by Kristen Dahlgren
Wednesday marks the second anniversary that Hurricane Katrina slammed into Louisiana and Mississippi killing more than 1,600 people.
Observances were held across the region to remember that day and those who were lost.
At 9:38, a moment of silence marked the time the first levee was breached, the second a city was forever changed.
Two years after Hurricane Katrina there is silence in many places.
Abandoned homes, washed out businesses still sitting, with no sign that rebuilding will begin any time soon.
Where water once covered everything, it seems residents only trickle back.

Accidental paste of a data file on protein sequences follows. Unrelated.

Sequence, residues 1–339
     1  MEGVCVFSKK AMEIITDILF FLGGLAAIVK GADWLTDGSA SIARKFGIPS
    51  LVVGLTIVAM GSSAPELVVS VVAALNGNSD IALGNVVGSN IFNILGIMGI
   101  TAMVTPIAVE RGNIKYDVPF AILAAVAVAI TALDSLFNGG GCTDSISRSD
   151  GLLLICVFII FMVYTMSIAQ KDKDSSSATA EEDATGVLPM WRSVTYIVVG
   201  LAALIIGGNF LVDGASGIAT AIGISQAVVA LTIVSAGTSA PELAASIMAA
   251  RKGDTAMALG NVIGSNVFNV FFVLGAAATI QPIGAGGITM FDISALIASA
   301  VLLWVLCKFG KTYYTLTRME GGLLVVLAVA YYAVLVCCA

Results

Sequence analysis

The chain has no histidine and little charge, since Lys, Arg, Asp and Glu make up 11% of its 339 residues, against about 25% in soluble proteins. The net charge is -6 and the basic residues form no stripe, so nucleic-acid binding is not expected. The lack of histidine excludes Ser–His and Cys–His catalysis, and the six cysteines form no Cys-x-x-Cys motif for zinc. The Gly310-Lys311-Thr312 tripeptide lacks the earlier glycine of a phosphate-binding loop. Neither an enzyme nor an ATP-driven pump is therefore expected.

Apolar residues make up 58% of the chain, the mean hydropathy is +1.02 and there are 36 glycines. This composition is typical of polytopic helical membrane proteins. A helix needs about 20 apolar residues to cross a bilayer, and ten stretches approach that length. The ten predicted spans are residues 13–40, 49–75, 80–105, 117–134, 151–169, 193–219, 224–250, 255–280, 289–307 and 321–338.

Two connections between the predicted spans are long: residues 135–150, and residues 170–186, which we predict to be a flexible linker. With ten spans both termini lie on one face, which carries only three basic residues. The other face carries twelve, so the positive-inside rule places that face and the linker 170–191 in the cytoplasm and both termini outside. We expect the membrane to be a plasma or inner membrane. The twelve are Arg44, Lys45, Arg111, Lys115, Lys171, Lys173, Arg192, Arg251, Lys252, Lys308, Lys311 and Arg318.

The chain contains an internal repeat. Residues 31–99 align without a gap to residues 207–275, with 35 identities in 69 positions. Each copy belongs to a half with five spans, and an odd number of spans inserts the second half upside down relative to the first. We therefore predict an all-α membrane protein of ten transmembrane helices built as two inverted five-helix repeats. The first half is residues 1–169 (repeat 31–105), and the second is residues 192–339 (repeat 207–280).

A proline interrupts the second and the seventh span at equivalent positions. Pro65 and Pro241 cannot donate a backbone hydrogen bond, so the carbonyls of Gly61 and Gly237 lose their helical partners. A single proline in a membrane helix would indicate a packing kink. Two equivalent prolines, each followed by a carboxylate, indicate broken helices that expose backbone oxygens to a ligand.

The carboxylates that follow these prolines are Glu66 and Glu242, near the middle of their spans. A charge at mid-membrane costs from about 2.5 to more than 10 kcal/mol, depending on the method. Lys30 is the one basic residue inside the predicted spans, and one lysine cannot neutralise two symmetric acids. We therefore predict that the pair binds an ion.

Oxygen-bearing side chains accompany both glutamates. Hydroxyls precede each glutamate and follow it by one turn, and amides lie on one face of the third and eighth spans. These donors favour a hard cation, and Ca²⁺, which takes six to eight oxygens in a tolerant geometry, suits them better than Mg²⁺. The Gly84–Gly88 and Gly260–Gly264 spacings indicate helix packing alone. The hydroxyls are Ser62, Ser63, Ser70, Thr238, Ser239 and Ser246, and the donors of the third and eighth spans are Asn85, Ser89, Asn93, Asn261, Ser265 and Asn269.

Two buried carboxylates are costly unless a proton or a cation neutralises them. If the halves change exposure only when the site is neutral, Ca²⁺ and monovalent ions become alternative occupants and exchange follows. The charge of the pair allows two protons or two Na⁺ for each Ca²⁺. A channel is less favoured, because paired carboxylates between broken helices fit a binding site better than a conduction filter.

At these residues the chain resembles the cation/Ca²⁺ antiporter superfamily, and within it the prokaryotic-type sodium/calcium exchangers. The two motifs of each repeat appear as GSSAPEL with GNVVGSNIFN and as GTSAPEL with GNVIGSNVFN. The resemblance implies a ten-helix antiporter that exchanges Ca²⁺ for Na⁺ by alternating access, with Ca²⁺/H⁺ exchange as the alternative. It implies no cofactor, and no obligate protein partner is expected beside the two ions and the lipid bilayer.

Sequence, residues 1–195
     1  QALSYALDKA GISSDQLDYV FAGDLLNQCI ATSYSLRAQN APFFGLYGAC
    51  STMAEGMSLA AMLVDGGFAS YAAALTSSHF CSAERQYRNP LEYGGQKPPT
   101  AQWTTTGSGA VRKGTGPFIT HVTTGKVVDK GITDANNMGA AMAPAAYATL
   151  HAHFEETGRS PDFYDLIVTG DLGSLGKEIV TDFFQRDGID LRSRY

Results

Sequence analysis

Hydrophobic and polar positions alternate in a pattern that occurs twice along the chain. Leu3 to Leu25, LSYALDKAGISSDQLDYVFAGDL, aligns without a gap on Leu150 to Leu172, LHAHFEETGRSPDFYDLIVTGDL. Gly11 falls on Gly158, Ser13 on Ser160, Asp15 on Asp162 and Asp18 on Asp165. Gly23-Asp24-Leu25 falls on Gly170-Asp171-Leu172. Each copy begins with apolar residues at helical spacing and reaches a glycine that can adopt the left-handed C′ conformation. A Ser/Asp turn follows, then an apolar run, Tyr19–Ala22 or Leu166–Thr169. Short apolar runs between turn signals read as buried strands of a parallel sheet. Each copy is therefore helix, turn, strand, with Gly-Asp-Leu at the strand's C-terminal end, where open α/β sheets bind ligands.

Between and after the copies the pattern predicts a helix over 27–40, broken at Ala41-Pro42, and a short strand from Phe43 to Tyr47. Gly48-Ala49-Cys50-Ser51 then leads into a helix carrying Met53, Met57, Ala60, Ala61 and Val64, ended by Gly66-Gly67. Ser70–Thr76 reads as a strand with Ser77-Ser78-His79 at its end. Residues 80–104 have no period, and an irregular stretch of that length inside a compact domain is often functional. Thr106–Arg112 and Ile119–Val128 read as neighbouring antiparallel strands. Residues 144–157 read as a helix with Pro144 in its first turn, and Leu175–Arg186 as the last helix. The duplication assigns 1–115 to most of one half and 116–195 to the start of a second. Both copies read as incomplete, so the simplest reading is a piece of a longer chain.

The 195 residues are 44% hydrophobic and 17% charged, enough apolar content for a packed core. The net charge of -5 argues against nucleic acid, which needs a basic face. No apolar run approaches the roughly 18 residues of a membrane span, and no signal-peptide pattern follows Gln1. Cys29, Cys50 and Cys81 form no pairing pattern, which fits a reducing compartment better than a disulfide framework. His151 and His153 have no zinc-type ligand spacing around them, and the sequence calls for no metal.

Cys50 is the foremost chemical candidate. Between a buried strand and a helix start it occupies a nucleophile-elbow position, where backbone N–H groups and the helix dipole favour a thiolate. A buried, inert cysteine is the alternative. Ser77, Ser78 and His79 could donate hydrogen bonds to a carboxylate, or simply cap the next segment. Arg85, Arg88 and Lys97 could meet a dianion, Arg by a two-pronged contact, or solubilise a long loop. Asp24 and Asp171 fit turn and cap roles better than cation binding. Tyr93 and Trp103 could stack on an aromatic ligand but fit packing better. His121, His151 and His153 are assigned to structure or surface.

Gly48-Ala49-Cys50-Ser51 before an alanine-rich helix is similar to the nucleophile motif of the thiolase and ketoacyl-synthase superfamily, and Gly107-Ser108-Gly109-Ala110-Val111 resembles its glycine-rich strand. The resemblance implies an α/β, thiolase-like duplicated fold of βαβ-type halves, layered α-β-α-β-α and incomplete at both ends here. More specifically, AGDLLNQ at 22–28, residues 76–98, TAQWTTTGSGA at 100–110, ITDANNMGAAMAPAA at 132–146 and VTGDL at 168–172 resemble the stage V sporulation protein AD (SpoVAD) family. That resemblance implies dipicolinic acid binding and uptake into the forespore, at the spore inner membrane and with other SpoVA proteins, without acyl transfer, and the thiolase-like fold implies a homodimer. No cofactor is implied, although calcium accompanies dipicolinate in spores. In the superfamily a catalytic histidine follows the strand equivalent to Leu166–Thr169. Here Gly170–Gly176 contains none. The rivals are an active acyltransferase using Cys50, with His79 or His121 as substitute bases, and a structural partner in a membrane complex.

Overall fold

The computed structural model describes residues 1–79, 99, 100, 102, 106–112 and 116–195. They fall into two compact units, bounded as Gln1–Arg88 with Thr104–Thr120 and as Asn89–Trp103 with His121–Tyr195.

There is some slow progress. On Wednesday, the President visited the first public school to reopen in New Orleans' lower ninth ward.
"This town is coming back, this town is better today than it was yesterday, and it's going to be better tomorrow than it was today," said Mr. Bush.
But the screws and plywood may never be enough to rebuild all that Katrina took away.
"There was such a vast family structure here and it's been torn completely down. Generations have been displaced," said Yvonne Wise who lives in the 9th ward.
In Mississippi, 13,000 families are still living in FEMA trailers.
That's down from the 48,000 following the storm.
And of all the sounds you hear in hurricane ravaged areas, there is one that residents up and down the coast are unable to escape.
"Everywhere you go you hear the name Katrina," said 9th ward resident Joanne Smith-Thompson.
It's a constant reminder of how much was lost, and how much work still has to be done.